Vitamin K is known to play an important role in bone metabolism. It facilitates osteotrophic activity in the bone cells and that results in an increase in bone mass. Research has also established that vitamin K can limit neural damage in people suffering from the Alzheimer’s disease.

Vitamin C is another powerful antioxidant that assists the body in defending itself against infectious agents. It is also known to protect the body from free radicals, slowing down aging. Vitamin C can also work together with beta-carotene to prevent cholesterol oxidation which can potentially increase the build up of plaque. This is excellent news for the heart.

Note: For the highest nutritional value, you should preferably consume romaine lettuce. Iceberg lettuce has the lowest nutritional value. The former has 8 times more vitamin C, 4 times more iron, 3 times more vitamin K and 2 times more calcium.

Extremely low in calories

Trying to lose weight? Consume lettuce – this leafy green offers amazing nutritional bang for your caloric buck. Lettuce is one of the lowest calorie foods in the world – one cup of lettuce is only 8 calories while giving you a ton of vitamin A, K, C, folate as well as minerals like manganese, iron and potassium.

Promotes healthy pregnancy

You know that one cup of lettuce that’s only 8 calories? Well, it also provides around 15% of your daily value of folate, which is a crucial vitamin that’s been shown to promote a safe pregnancy and to help prevent several birth defects.

Helps you sleep

The leaves of this crunchy vegetable contain a milky fluid referred to as lactucarium. Some call it the “lettuce opium” because it has sedative and analgesic properties, except it does not come with the strong side effects that characterize opium.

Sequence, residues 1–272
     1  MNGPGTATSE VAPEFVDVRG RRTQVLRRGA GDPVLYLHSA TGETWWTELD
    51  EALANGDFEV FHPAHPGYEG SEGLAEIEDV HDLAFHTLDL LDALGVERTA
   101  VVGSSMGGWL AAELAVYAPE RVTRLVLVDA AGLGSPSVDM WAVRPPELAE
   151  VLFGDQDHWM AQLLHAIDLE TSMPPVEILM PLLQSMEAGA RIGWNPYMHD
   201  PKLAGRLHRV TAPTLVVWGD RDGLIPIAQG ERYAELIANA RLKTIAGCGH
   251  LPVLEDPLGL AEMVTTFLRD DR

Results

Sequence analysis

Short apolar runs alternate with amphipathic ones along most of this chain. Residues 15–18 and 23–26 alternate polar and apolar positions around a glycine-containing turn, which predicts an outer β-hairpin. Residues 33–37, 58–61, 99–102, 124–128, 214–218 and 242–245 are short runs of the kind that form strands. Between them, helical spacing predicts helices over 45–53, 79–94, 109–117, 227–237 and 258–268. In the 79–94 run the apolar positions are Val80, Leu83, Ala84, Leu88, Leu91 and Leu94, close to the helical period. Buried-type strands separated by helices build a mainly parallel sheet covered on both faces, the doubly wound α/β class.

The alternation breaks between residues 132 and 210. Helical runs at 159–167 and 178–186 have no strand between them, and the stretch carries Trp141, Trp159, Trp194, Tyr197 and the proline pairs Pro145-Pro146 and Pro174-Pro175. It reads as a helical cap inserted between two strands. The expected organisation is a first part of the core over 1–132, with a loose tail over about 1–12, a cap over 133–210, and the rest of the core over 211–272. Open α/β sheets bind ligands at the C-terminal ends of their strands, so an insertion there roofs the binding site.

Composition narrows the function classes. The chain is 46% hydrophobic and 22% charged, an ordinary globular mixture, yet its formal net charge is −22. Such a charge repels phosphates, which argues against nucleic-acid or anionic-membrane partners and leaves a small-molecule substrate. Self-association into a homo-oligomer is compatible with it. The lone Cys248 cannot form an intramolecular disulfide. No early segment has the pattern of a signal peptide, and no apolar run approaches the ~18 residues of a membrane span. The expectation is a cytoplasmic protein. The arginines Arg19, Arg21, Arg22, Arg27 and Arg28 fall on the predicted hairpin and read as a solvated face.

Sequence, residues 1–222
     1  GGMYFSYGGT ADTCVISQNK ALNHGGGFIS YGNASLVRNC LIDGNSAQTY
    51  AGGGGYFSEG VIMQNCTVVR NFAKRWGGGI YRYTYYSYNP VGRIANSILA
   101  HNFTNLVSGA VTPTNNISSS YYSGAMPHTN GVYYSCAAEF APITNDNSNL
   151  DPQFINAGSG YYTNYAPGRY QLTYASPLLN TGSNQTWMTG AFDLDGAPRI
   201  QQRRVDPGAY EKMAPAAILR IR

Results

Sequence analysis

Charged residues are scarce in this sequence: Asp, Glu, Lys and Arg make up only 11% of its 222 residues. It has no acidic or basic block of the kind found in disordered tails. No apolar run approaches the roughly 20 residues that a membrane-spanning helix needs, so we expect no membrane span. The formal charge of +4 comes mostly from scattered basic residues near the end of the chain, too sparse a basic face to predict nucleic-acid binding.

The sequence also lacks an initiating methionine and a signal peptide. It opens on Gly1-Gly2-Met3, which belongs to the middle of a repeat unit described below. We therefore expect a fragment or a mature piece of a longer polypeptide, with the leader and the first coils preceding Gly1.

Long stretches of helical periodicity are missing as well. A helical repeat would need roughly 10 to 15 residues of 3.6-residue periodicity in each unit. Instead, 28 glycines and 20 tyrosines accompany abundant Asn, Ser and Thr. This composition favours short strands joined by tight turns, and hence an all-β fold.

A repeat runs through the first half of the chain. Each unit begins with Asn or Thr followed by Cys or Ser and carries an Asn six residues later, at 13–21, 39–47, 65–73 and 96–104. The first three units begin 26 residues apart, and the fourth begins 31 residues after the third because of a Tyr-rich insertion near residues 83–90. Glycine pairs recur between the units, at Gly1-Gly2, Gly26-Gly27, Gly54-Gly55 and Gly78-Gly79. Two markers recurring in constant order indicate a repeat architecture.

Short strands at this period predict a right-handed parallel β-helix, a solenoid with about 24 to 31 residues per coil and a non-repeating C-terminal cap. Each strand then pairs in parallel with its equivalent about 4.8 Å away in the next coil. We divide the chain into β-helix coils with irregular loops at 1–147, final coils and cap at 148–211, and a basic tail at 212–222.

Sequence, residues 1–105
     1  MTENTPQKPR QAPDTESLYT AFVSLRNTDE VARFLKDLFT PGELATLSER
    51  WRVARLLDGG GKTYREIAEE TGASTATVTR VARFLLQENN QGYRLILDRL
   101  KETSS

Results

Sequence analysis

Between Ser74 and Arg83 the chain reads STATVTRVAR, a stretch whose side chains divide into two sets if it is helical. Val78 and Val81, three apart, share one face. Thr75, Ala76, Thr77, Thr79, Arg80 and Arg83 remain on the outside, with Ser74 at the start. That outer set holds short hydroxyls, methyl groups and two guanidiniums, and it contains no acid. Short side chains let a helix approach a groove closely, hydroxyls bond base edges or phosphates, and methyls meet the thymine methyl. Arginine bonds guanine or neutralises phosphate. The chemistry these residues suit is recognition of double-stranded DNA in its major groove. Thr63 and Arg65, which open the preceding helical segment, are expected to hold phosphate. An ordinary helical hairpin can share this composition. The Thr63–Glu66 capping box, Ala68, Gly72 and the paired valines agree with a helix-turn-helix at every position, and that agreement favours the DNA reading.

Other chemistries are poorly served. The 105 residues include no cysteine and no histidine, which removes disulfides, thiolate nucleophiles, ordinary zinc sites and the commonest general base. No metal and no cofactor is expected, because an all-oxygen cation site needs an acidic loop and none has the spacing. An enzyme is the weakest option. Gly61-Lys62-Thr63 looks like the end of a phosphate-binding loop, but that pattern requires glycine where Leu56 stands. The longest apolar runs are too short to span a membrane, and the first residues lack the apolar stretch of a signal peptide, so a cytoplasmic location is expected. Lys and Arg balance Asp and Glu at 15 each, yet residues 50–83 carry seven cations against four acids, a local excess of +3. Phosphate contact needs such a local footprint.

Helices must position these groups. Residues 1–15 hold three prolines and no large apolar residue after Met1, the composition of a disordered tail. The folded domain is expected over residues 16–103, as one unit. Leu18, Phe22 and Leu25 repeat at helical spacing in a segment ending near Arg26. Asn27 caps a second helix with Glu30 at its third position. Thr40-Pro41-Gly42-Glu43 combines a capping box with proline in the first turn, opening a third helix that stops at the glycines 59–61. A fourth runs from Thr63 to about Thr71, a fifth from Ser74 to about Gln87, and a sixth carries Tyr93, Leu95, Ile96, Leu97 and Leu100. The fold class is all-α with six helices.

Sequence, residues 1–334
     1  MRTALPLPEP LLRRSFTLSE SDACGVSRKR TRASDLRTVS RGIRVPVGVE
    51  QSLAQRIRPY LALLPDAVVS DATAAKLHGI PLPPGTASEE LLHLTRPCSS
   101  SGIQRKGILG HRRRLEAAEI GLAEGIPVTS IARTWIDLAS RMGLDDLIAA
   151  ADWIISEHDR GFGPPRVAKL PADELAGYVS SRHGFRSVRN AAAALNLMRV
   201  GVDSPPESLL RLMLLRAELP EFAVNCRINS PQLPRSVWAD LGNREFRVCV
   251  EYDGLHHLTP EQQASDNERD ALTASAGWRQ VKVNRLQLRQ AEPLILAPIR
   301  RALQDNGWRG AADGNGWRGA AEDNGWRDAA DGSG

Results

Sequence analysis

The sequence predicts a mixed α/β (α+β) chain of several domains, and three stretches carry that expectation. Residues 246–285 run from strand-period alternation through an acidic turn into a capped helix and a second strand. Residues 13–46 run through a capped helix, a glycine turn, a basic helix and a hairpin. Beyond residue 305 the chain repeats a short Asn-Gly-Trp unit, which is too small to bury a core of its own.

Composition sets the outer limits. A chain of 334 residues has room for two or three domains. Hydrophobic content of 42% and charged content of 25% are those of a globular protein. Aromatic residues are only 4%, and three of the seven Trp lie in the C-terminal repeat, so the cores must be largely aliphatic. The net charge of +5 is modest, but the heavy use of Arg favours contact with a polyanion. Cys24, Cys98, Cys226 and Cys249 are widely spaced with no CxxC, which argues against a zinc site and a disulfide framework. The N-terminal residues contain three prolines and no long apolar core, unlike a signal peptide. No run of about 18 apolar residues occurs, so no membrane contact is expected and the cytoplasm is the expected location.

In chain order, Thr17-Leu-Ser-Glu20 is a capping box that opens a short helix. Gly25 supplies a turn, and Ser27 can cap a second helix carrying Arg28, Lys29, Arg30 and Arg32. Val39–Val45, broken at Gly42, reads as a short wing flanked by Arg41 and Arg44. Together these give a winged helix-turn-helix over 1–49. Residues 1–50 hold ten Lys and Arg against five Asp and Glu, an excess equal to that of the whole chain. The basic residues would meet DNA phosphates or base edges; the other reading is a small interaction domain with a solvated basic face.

So next time you need a good night’s sleep, try adding a bit of lettuce to your juice recipes!

Boosts your libido…?

Here’s a fun fact: The ancient Egyptians saw lettuce as an aphrodisiac and as symbol of sexual prowess. This leafy greens was associated with Min, the Egyptian god of fertility, and was believed to help the god “perform the sexual act untiringly.”

But the reason is more about aesthetics than the actual libido-enhancing benefits of lettuce – as in, lettuce grows straight and tall, giving it a phallic resemblance. Plus, if you break off a lettuce leaf, especially at the stem, it oozes that milky fluid called lactucarium, which can resemble semen.

That being said, lettuce is packing a good range of vitamins and mineral that can help boost performance in the sack by improving overall health and vitality so no harm in juicing lettuce for, ahem, bedroom activities.

Rainbow “Raw-maine” Taco Boats

You guys have requested more no-cook / heat-free dinners, and this is the first one that came to mind!

If you’ve never had romaine taco boats, you haven’t lived! OK, maybe you’ve lived, but you haven’t enjoyed the freshest, most satisfying dinner I know.

This recipe is simple, with just 10 ingredients, 15 minutes, and no cooking required!

Romaine leaves replace traditional taco shells for a crunchy, nutritious vessel that’s perfect for all the goodness that’s to come.

I went for beet hummus! But to keep these raw, you could either skip the hummus or find (or make) a sprouted hummus.

Next comes fresh veggies of just about every color for a seriously crunchy, nutritious, and colorful filling.